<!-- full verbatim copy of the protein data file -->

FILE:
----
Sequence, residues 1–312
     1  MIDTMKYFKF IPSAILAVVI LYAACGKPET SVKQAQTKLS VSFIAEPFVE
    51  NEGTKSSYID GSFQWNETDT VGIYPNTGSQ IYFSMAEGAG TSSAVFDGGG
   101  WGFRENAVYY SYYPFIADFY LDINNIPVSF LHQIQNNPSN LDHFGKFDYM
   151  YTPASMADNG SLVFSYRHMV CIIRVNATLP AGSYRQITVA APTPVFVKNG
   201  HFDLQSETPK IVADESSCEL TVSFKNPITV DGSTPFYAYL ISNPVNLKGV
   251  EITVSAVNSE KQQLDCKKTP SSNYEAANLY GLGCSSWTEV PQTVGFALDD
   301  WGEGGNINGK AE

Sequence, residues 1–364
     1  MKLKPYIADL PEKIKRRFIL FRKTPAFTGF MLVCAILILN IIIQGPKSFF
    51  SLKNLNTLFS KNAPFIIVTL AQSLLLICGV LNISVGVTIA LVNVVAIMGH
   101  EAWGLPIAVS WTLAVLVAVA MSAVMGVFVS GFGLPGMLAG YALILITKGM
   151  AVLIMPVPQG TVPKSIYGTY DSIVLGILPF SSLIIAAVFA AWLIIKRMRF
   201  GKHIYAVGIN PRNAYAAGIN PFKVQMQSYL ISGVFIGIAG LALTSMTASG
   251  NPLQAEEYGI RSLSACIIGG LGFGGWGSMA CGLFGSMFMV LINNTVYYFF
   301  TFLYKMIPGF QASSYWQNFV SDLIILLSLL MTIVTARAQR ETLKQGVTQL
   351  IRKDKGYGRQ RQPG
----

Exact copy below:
Sequence, residues 1–312
     1  MIDTMKYFKF IPSAILAVVI LYAACGKPET SVKQAQTKLS VSFIAEPFVE
    51  NEGTKSSYID GSFQWNETDT VGIYPNTGSQ IYFSMAEGAG TSSAVFDGGG
   101  WGFRENAVYY SYYPFIADFY LDINNIPVSF LHQIQNNPSN LDHFGKFDYM
   151  YTPASMADNG SLVFSYRHMV CIIRVNATLP AGSYRQITVA APTPVFVKNG
   201  HFDLQSETPK IVADESSCEL TVSFKNPITV DGSTPFYAYL ISNPVNLKGV
   251  EITVSAVNSE KQQLDCKKTP SSNYEAANLY GLGCSSWTEV PQTVGFALDD
   301  WGEGGNINGK AE

Sequence, residues 1–364
     1  MKLKPYIADL PEKIKRRFIL FRKTPAFTGF MLVCAILILN IIIQGPKSFF
    51  SLKNLNTLFS KNAPFIIVTL AQSLLLICGV LNISVGVTIA LVNVVAIMGH
   101  EAWGLPIAVS WTLAVLVAVA MSAVMGVFVS GFGLPGMLAG YALILITKGM
   151  AVLIMPVPQG TVPKSIYGTY DSIVLGILPF SSLIIAAVFA AWLIIKRMRF
   201  GKHIYAVGIN PRNAYAAGIN PFKVQMQSYL ISGVFIGIAG LALTSMTASG
   251  NPLQAEEYGI RSLSACIIGG LGFGGWGSMA CGLFGSMFMV LINNTVYYFF
   301  TFLYKMIPGF QASSYWQNFV SDLIILLSLL MTIVTARAQR ETLKQGVTQL
   351  IRKDKGYGRQ RQPG